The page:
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331 dengue cases reported in Bengaluru; East Zone worst affected

The East Zone has been topping the list with 4,276 cases in 2019, followed by 664 in 2020, and 592 in 2021
uraksha P
Last Updated : 16 May 2022, 21:56 IST
Last Updated : 16 May 2022, 21:56 IST
Last Updated : 16 May 2022, 21:56 IST
Last Updated : 16 May 2022, 21:56 IST

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About 1,185 dengue cases have been reported in Karnataka till April 30. So far, the BBMP has recorded 331 cases in the city, of which the East Zone accounts for 123 cases.

Last year, 1,641 cases were reported in the BBMP limits. In 2020, 2,047 cases were reported, while it was 10,411 in 2019. Though seven of the 7,393 who had contracted dengue in the state had died, no deaths have been reported this year.

The East Zone has been topping the list with 4,276 cases in 2019, followed by 664 in 2020, and 592 in 2021.

“There is no specific treatment. We can prevent the disease only by creating awareness and source reduction of the aedes aegypti mosquito,” said State Health Commissioner D Randeep on Monday during a walkathon organised in the city to mark of national Dengue Day.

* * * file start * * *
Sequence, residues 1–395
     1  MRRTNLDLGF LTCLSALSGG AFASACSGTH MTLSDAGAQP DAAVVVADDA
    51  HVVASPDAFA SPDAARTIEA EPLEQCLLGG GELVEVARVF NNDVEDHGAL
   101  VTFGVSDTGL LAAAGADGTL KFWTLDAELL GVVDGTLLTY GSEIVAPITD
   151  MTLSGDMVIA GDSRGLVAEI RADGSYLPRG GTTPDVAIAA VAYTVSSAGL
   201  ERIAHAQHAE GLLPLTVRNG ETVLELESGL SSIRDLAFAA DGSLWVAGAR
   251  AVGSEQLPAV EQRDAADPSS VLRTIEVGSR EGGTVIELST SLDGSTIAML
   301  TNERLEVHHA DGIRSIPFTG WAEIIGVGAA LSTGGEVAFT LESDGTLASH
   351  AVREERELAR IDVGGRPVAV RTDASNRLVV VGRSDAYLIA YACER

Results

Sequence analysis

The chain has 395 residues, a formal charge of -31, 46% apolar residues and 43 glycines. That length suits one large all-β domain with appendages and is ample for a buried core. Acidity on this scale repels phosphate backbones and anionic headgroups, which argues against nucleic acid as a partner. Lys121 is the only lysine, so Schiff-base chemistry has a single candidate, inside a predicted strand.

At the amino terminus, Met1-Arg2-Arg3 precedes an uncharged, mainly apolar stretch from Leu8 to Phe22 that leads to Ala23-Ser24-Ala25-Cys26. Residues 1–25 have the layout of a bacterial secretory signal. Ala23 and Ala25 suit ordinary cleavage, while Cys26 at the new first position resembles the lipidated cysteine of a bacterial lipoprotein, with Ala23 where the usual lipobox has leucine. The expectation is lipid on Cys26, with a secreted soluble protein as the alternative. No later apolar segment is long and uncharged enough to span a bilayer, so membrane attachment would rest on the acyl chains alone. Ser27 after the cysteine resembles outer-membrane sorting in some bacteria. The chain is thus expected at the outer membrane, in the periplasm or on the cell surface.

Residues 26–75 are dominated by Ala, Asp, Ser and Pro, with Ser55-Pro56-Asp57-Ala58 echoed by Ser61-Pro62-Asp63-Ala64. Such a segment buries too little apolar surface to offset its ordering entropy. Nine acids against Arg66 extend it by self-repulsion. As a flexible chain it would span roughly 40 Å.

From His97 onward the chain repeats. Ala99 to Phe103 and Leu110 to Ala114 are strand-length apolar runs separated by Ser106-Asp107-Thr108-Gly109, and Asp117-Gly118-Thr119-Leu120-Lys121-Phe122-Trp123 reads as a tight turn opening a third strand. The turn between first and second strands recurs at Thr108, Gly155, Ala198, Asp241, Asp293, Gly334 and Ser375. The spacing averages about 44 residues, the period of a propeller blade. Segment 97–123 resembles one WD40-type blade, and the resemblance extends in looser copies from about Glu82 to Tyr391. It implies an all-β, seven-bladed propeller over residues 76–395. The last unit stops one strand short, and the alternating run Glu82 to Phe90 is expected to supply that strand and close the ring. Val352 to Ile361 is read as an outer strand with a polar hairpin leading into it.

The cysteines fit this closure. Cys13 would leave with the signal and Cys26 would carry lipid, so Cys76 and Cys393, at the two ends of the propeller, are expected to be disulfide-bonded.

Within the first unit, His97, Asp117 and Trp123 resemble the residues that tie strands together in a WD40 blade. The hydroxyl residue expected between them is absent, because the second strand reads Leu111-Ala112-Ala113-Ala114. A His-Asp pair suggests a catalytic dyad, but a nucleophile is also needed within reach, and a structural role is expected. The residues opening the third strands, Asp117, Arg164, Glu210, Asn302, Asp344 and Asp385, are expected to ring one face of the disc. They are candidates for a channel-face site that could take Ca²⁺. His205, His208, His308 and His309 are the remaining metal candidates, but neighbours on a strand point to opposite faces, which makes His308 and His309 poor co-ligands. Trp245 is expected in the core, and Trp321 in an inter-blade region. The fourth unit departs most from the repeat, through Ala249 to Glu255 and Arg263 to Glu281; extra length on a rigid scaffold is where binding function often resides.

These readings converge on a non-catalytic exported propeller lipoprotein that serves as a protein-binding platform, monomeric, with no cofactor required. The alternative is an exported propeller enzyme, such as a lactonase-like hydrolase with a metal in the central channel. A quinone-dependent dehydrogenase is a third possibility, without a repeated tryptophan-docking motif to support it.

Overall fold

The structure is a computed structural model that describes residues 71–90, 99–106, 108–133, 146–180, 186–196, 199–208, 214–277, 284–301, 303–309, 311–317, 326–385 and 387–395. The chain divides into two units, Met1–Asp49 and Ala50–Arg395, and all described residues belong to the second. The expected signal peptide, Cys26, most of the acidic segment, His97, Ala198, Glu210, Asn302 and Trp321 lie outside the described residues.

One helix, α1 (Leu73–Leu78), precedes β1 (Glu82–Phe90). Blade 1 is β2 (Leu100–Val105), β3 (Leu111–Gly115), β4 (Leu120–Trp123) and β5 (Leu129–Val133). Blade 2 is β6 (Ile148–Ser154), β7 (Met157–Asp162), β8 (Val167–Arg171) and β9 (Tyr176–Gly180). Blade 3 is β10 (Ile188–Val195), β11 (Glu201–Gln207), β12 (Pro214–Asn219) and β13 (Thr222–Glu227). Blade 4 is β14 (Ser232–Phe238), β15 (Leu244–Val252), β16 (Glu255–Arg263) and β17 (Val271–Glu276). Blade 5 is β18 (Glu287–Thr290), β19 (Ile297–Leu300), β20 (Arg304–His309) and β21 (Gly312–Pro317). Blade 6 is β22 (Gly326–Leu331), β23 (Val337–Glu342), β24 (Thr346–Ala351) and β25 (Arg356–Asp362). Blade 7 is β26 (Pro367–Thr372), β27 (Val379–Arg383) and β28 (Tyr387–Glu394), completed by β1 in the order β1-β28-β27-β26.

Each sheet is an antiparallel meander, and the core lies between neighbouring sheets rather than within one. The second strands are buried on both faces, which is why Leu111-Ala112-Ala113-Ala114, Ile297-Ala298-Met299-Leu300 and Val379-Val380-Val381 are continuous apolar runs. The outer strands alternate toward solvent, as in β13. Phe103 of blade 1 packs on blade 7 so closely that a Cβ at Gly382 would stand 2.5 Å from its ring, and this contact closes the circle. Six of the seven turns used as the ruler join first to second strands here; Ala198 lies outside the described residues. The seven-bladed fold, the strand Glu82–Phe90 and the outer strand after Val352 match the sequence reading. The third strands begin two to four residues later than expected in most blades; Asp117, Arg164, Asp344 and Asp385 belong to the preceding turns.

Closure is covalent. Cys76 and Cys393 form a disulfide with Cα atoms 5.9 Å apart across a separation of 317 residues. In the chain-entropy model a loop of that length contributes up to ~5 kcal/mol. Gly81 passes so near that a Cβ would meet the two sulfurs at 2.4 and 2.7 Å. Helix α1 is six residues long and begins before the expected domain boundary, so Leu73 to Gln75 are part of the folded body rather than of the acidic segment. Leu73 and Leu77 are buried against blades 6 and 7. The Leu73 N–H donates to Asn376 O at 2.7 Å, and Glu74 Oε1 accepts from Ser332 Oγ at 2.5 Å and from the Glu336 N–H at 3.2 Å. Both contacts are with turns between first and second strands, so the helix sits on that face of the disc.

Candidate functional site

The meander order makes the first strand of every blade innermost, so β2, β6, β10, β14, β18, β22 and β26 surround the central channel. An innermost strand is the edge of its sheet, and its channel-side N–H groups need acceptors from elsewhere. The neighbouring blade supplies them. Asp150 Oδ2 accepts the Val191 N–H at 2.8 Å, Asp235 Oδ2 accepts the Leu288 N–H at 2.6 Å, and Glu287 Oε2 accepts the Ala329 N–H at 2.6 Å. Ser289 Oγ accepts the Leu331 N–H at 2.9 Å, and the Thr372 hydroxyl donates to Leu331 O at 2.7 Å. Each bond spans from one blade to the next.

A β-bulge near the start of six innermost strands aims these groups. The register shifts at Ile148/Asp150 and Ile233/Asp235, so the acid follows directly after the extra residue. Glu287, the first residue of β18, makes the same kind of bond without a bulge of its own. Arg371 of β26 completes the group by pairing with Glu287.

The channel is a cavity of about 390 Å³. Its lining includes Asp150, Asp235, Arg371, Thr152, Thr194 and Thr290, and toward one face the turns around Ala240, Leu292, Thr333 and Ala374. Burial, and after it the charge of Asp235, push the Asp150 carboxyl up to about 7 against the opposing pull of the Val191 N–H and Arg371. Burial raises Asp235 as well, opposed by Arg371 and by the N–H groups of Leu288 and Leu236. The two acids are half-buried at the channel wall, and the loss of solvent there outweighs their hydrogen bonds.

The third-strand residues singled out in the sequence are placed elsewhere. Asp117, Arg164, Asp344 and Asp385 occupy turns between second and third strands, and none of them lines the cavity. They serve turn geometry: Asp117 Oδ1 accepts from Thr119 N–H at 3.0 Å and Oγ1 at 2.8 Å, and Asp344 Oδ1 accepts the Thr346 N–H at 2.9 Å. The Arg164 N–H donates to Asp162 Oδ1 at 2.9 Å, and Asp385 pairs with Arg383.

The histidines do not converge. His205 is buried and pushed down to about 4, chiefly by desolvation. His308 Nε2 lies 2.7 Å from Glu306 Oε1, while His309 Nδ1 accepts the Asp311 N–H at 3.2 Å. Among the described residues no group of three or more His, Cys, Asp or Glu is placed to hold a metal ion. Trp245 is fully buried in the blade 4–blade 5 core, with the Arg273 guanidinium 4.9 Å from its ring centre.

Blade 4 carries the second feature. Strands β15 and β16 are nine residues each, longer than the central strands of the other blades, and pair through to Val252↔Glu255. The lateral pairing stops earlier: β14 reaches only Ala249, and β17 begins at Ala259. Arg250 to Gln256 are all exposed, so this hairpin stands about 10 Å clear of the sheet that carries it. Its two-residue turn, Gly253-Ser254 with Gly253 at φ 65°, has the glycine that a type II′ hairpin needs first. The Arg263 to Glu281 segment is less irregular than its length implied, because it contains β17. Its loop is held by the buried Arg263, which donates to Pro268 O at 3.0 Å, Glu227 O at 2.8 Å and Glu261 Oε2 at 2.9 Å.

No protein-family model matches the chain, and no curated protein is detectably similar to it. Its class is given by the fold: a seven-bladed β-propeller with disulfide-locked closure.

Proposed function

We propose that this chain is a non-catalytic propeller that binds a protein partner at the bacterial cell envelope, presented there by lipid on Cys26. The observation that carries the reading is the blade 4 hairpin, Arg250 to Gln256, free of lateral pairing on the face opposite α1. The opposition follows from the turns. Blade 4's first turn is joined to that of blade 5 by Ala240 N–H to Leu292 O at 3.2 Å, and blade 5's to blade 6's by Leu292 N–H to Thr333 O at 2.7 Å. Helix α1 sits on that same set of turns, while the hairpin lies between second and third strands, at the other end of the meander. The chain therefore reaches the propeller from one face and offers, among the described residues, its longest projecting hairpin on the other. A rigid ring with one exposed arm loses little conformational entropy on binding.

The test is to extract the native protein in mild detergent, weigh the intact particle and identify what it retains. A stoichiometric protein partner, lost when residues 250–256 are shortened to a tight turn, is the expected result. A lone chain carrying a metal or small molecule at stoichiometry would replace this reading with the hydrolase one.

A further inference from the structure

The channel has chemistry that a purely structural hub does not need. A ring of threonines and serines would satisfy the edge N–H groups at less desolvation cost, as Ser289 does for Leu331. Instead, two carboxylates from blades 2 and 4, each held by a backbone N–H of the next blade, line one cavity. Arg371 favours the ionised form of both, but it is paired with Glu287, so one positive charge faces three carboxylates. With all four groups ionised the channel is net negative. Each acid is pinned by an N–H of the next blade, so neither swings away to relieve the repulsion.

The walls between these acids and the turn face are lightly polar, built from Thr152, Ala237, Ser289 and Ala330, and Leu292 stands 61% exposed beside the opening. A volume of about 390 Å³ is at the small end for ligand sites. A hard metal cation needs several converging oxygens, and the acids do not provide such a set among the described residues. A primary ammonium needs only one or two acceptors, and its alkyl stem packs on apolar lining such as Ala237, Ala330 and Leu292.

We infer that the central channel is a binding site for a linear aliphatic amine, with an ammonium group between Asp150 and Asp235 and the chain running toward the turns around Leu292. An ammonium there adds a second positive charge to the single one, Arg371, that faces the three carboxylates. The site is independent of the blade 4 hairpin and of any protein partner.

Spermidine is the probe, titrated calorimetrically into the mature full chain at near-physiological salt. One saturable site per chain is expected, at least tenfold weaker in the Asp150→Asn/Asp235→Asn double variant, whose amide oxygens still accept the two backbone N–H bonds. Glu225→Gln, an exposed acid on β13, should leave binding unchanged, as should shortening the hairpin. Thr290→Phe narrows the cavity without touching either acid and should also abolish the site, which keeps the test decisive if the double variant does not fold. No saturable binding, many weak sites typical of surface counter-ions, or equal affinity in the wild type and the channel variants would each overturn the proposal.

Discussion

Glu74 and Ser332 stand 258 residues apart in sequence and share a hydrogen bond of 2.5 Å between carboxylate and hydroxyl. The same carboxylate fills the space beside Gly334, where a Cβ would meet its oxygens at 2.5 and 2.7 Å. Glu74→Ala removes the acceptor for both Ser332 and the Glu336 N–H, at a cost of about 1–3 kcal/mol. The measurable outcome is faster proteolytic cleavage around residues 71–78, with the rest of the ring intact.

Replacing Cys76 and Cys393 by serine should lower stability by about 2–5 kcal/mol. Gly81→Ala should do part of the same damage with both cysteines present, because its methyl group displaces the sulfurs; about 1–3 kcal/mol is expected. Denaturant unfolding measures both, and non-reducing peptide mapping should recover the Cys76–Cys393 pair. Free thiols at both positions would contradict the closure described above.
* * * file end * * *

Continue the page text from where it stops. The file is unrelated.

The first step, he said, was to clear stagnant water in slum pockets. “Those with symptoms like body ache, pain behind the eyes, fever and bleeding have to be admitted to the hospital immediately and given symptomatic treatment.”

BBMP Special Commissioner (Health) Dr K V Trilok Chandra said, “Unseasonal rain and pre-monsoon showers have led to increased stagnation of water. Due to an increase in construction activities, the environment has become conducive for mosquito-breeding.”

Door-to-door survey

“House-to-house larval survey is important. There are 20 lakh houses in the city and we have manpower allocated only for urban slums. We have already proposed to the state government to sanction additional staff,” Dr Chandra said. The National Vector Borne Disease Control Programme has to recalibrate the number of households that are there in the urban pockets, he added.

Reporting from private hospitals has been very poor, he pointed out. This is the case not just for dengue, malaria and chikungunya, but also for other cases of fever, too, he added.

“Local health officers can track cases if reporting is good and address the issue. Under the KPME Act, dengue is a notifiable disease. It is imperative that all cases are notified,” he said.

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Published 16 May 2022, 19:25 IST

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